gentle and comedy aren’t always the most memorable of bedfellows, but As Time Goes By satisfied its audiences greatly
Review: Brian Slade
Some comedy writers work best alone, others in pairs, but it’s unusual for one half of the most successful of comedy duos to strike out on their own with similar success. Someone who bucked that trend however was Bob Larbey, co-writer of The Good Life and Please Sir! with John Esmonde. In 1992 he delivered As Time Goes By to the BBC, a charming sitcom created by Colin Bosctock-Smith that spanned nine series across thirteen years, telling the story of a couple who find love in later life, decades after losing touch.
Leading the cast are two television stalwarts. Geoffrey Palmer’s hangdog expression was one of the most recognisable at the time of casting, most notably from his time as Ben in Butterflies, and he made the perfect leading man as Lionel Hardcastle, a man whose military obligations in Korea in 1953 caused him to lose touch with the love of his life. That love came in the form of nurse Jean Pargetter, played by Judi Dench, one of the few actresses so talented that they can mix primetime British sitcom with Hollywood blockbusters with ease.
Lionel and Jean had met in 1953 and were besotted by one another. The prospect of being mobilised to Korea hadn’t necessarily sounded the death knell for their relationship, but sadly the failed postal service did. His letter to Jean advising her of his whereabouts never reached her and they both assumed that the other had given up on the long distance relationship. Lionel relocated to Kenya after being demobbed while Jean remained in England. Both went on to marry, with differing levels of success. Jean had a daughter, Judith (Moira Brooker) while Lionel divorced his wife and eventually returned to the UK in order to publish his travel journal, My Life in Kenya.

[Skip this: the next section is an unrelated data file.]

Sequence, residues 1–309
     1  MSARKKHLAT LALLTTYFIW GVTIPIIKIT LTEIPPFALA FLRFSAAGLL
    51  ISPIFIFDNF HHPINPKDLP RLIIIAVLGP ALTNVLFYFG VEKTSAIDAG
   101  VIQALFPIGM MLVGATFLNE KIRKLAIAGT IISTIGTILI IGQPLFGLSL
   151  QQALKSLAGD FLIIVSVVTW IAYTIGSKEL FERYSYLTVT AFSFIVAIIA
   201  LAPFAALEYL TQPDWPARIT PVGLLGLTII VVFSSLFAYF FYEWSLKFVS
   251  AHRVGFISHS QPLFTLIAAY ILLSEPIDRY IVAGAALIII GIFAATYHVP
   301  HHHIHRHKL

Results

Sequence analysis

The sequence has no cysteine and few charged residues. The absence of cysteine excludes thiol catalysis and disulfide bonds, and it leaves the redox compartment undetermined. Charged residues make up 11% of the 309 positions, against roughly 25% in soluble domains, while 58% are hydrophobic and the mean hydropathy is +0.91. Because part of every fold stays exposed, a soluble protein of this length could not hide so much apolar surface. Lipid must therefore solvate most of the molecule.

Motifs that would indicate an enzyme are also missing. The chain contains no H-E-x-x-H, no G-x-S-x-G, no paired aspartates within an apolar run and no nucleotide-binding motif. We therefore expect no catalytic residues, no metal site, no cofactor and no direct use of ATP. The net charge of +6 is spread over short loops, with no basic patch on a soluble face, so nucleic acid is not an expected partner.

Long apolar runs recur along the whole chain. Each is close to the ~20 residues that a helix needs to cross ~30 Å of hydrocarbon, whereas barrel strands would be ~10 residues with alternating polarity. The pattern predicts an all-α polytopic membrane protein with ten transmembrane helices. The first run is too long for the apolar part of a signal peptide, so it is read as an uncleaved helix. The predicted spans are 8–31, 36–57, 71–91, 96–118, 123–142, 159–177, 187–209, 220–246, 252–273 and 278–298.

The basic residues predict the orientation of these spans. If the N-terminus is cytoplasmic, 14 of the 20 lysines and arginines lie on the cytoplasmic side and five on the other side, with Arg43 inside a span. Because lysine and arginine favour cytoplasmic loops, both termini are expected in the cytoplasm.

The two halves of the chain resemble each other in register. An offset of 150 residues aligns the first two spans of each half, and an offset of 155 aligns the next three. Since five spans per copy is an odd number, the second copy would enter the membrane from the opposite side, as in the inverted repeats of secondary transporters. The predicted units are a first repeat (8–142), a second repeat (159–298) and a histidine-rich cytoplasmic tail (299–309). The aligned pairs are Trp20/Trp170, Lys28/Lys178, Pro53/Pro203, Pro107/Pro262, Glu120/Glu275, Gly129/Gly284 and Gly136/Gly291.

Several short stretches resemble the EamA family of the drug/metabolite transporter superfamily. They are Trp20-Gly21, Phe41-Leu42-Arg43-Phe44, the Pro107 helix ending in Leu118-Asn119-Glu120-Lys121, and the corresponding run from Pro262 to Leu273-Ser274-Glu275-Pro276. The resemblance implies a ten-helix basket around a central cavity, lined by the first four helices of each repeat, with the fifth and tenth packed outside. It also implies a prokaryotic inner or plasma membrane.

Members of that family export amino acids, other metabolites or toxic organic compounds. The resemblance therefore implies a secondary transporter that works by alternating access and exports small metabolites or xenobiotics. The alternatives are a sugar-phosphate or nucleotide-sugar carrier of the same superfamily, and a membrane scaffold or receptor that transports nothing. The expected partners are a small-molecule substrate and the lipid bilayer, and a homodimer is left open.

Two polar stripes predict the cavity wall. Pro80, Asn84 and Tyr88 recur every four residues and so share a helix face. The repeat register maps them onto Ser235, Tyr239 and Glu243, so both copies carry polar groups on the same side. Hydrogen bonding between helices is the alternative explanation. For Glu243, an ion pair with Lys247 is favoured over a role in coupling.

Lionel and Jean’s lives reconnect in the unlikeliest of fashions 38 years on from their last meeting. Looking for a new direction after her husband’s death, Jean opened a secretarial agency, which included a role for Judith. It is Jean’s agency that Lionel has reached out to for typing services as he brings his book towards publication, unaware of Jean’s involvement. Indeed he is first drawn to Judith herself after the agency send her to apologise for the inefficiency of their first employee’s efforts on his manuscript. Somewhat taken with one another, they agree to meet for dinner…except Lionel gets the shock of his life when he collects Judith, living as she does with her mother.
Subsequently we discover that Jean was put out by the fact that Lionel never wrote as he had promised, while Lionel is equally perturbed that Jean never responded. When they finally meet and discuss the matter, they realise that the letter never reached its intended recipient. They agree that rather than it sitting on a compost heap somewhere, it would be rather nice if the letter had ended up as an artefact at the Imperial War Museum, its two lovers’ fate a mystery to the museum visitors. In actual fact, we discover several series later that this is exactly where the letter did materialise.